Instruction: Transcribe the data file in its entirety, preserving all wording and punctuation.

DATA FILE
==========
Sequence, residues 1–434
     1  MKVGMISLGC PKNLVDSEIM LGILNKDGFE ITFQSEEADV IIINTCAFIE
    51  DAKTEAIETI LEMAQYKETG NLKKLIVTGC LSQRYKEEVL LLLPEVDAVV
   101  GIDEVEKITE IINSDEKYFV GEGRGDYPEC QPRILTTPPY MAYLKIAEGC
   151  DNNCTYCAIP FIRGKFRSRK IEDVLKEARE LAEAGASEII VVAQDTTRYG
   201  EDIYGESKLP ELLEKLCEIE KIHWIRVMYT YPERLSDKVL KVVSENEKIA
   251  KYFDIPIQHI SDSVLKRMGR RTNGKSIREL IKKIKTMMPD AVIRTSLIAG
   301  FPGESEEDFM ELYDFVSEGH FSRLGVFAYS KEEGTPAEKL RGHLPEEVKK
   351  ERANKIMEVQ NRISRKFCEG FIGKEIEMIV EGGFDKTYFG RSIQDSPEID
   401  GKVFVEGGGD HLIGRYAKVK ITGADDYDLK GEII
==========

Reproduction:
Sequence, residues 1–434
     1  MKVGMISLGC PKNLVDSEIM LGILNKDGFE ITFQSEEADV IIINTCAFIE
    51  DAKTEAIETI LEMAQYKETG NLKKLIVTGC LSQRYKEEVL LLLPEVDAVV
   101  GIDEVEKITE IINSDEKYFV GEGRGDYPEC QPRILTTPPY MAYLKIAEGC
   151  DNNCTYCAIP FIRGKFRSRK IEDVLKEARE LAEAGASEII VVAQDTTRYG
   201  EDIYGESKLP ELLEKLCEIE KIHWIRVMYT YPERLSDKVL KVVSENEKIA
   251  KYFDIPIQHI SDSVLKRMGR RTNGKSIREL IKKIKTMMPD AVIRTSLIAG
   301  FPGESEEDFM ELYDFVSEGH FSRLGVFAYS KEEGTPAEKL RGHLPEEVKK
   351  ERANKIMEVQ NRISRKFCEG FIGKEIEMIV EGGFDKTYFG RSIQDSPEID
   401  GKVFVEGGGD HLIGRYAKVK ITGADDYDLK GEII